Visiting the Base Naval ARC Bolivar of Colombia
My exclusive visit to Colombia's Naval Base called locally as the "Base Naval ARC Bolivar" was a very special occasion for myself. Particularly as I am a huge fan of British naval history it was interesting to compare Britain's sea-might to that of another great country. With links with Britain such as Spain being our common enemy and at other links to British pirates and Buccaneers. Before you ask this visit is not available to the public and I was lucky to have met someone who invited me to the base for a personal tour. It was a huge privilege to witness and be present on a functional active base. I am glad to have taken the following photos and to be able to describe some of which I have seen. Please enjoy. I welcome all comments particularly from anyone with an interest in naval history.
Base Naval ARC Bolivar (BN-1)
The base itself has the necessary guards and gates as any base would. At the entrance, I was warned not to take photos even for the public road outside. Hence the absence of such a photo here, never the less StreetView offers us assistance. Once passing heavy security that consisted of metal detectors and pat-downs by armed guards. The base is a little village and reminds me straight away from the bases depicted in the various Vietnam films and namely that of Good Morning Vietnam. Sailors and other such servicemen travel the base largely on foot but I did see some vehicles. We walked to the waterside where a vast number of vessels were docked.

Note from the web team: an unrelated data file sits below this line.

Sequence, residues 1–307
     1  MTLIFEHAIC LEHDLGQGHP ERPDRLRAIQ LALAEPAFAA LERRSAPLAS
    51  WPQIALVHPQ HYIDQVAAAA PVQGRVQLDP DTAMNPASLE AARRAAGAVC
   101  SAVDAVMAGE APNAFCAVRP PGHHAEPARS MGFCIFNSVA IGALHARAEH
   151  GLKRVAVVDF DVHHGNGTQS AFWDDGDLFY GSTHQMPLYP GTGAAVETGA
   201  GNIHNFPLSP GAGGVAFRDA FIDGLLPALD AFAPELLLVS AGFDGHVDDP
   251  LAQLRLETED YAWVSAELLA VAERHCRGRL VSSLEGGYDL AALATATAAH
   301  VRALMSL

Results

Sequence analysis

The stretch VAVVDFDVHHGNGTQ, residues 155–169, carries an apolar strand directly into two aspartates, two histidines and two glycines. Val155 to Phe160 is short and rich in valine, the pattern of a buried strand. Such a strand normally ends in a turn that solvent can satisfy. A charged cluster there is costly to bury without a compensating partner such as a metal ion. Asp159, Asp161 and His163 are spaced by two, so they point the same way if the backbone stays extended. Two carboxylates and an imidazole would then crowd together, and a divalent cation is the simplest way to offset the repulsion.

ARC Cartagena de Indias (BM-161)
The first ship that caught my eye was the largest of them all, ARC Cartagena de Indias (BM-161). The ARM stands for Armada Nacional de la República de Colombia. Little did I know that it actually comes from one of my own countries, Germany. The ship was constructed in 1968 for the German Navy and retired in 1991. She was waiting to be scrapped until 1996 when she had been acquired by the Colombian Navy for 2 million dollars and were conditioned for re-service. Here she was, docked in the very port for which is a flagship for, Cartagena. After meeting with her crew port-side I discovered that she functioned as a hospital ship back in 2010 in the Colombian humanitarian mission to serve the population as a result of the Haiti Earthquake.
ARC GloriaIt was wonderful to meet an old friend. The ARC Gloria is a spectacular piece of seafaring craftsmanship. One that I visited in September of last year when it left this home port of Cartagena to visit London Docklands in September 2015.
After boarding the ARC Gloria it was like meeting an old friend. Totally spotless and in superb condition the decks were squeaky the brass was gleaming. I headed with my host to the function space to the rear of the ship. Progressing on to the bridge and area normally off limits, I got my hands on the helm with beautiful views over her home port (360 views). Later I got a look at the crew areas deep within the ship and totally immaculate. Passing the ship's binnacle which had a display of all the ship's voyages. Some noticeably passing the British Isles. I can to a massive mess where I sat with some of the crew and they explained their day to day tasks. Many of which with have had me knackered after just one. The best thing apart from mixing with the crew is that the belly of the ship is blissfully air-conditioned. ARC Gloria is a schooling ship and focusing on classical navigation. Using the stars and other various instruments they will become the finest in South America.